A Sydney tiler allegedly paid bribes to a construction union official to get work in Canberra because "that's the market", the royal commission has heard.
A formwork subcontractor also claimed to have made payments of about $135,000 in cash he allegedly handed to the same Construction Forestry Mining and Energy Union organiser in envelopes to guarantee a competitive advantage over rivals.
The Canberra stop of the royal commission into trade unions opened on Monday to explosive allegations of payments in return for CFMEU support to win business.
Counsel assisting, Jeremy Stoljar, in his opening statement, said the capital's hearing would primarily focus on the CFMEU ACT branch, promising details of corrupt payments, stand over and intimidation tactics, and the promotion of cartels.
But the construction union did not even show up on Monday, pledging to boycott the commission until about Thursday in protest at what it said was a lack of procedural fairness at the start of proceedings.
The commission is expected to hear from almost 40 witnesses during the three-week stay in Canberra.
The commission on Monday heard from three company owners who detailed their dealings with CFMEU organiser Halafihi "Fihi" Kivalu.
The first to give evidence, Elias Taleb, a formwork subcontractor, detailed payments of about $135,000 he allegedly handed Mr Kivalu - who the commission heard is no longer with the union, although he is still listed as an official on their website – and said he was forced to pay the union fees and sign union enterprise agreements on behalf of his staff.
He alleged, on one occasion, he paid Mr Kivalu to win a contract to work on a Yarralumla building site.
"I understood from what he told me if I paid ... $50,000 I was guaranteed the job," Mr Taleb said.
Mr Taleb said he handed over the cash because to lose the job would "have had very bad financial consequences for me".
"Just from what I heard around town, obviously the union had a big impression on a lot of builders, pushing them around to get basically what they want."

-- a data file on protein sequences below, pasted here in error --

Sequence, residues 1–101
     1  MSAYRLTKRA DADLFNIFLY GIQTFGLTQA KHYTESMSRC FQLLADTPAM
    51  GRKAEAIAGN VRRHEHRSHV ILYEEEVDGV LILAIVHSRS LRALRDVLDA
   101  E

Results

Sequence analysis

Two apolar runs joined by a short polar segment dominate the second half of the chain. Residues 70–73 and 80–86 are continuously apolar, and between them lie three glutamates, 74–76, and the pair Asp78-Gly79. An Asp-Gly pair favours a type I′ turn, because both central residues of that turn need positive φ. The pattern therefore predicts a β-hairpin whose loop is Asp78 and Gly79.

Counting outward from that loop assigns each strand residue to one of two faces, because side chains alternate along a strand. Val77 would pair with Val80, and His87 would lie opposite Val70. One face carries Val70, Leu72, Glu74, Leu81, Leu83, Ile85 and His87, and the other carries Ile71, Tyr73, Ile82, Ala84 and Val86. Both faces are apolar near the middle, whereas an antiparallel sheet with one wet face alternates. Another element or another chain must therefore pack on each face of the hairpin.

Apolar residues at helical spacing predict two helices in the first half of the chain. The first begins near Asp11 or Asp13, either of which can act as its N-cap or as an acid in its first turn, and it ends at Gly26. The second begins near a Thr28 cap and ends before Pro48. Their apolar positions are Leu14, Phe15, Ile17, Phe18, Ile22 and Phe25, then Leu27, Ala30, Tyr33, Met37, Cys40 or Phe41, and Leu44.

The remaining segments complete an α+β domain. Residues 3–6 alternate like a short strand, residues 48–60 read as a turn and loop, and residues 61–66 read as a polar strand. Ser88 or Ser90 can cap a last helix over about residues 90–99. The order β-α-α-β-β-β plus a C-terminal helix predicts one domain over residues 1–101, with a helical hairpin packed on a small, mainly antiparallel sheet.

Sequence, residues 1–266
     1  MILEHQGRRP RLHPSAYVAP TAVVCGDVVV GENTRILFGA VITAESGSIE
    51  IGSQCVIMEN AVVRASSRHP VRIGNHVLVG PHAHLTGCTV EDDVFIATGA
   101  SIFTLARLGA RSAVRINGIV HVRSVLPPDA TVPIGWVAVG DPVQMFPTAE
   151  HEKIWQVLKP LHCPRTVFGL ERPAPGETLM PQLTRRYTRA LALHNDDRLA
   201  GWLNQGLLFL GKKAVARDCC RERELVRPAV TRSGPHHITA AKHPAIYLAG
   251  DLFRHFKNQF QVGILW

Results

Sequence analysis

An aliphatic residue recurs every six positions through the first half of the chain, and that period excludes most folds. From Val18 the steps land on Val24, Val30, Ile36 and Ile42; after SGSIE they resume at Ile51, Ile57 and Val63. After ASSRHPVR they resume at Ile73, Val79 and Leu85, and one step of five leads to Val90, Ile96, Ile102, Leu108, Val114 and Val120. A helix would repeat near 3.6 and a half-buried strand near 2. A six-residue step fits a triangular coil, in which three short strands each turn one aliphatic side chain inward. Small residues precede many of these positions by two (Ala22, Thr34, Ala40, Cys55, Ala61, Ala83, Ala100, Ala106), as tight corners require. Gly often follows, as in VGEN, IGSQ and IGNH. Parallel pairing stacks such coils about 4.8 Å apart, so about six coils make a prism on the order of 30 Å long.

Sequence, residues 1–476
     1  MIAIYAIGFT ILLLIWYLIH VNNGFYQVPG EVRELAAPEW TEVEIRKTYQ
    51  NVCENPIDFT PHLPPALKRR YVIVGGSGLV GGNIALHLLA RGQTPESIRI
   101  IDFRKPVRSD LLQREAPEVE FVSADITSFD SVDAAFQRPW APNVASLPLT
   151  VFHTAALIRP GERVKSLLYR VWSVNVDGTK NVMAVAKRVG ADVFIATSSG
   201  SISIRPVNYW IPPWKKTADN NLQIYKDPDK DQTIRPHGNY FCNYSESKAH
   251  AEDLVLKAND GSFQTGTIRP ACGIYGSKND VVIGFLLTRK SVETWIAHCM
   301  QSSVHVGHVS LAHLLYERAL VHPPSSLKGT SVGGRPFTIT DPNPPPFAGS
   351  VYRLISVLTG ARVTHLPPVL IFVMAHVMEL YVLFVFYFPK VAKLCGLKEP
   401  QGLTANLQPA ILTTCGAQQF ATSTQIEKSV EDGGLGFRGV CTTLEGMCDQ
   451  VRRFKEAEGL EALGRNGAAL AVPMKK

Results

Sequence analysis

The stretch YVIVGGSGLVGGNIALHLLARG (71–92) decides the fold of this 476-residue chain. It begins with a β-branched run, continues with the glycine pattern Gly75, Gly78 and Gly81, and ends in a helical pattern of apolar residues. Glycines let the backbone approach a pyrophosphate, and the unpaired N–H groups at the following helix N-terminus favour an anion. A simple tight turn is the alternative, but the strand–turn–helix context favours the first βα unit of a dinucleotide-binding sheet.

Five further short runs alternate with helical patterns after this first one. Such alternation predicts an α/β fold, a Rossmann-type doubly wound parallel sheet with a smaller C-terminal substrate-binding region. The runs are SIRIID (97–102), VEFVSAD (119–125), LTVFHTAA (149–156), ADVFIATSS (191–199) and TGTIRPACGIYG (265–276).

Sydney tiler, Medwhat Elesawiy, told the commission he received an invitation from Mr Kivalu to meet and discuss his entry into the Canberra construction sector in about 2012.
"So I met him … [to discuss] work in Canberra, how he can help us to get into the market in Canberra, because we are not in and we start from there," Mr Elesawiy said.
When asked what he needed to do to get work in the capital, he replied: "I would have to pay some money. To Fihi."
He said he thought he had no choice but to make the payments, although he could not say whether it won him preferential treatment.
"Every single job in Canberra … the builder will not let any trade contractor without approval by union.
"That's the market, so we tried to get some work."
Antonio Bassil, the owner of concrete pumping companies, mostly based in NSW but with a Canberra branch, said he made donations – out of his own pocket - to help the people of Tonga in the aftermath of Cyclone Ian.
"[Mr Kivalu] come around and said 'We have to help those people, so you have to pay some donations', so we paid him some donations," Mr Bassil said.
Mr Bassil said he believed the payments - estimated to be worth thousands - had actually been donations, although he was told his company would be recommended to builders.
Mr Bassil and Mr Elesawiy said they did not speak about the payments to any other CFMEU officials.
"I didn't know anyone else except him," Mr Elesawiy said.
CFMEU national secretary Dave Noonan said the allegations of bribery should be referred to the police for investigation.
"Both parties to the alleged bribes which were the subject of evidence today should be prosecuted and dealt with by criminal courts," Mr Noonan said.
"The CFMEU does not tolerate corruption in its ranks and as we have consistently maintained, if there is an investigation, the police will have the full co-operation of the union."
The hearings continue on Tuesday.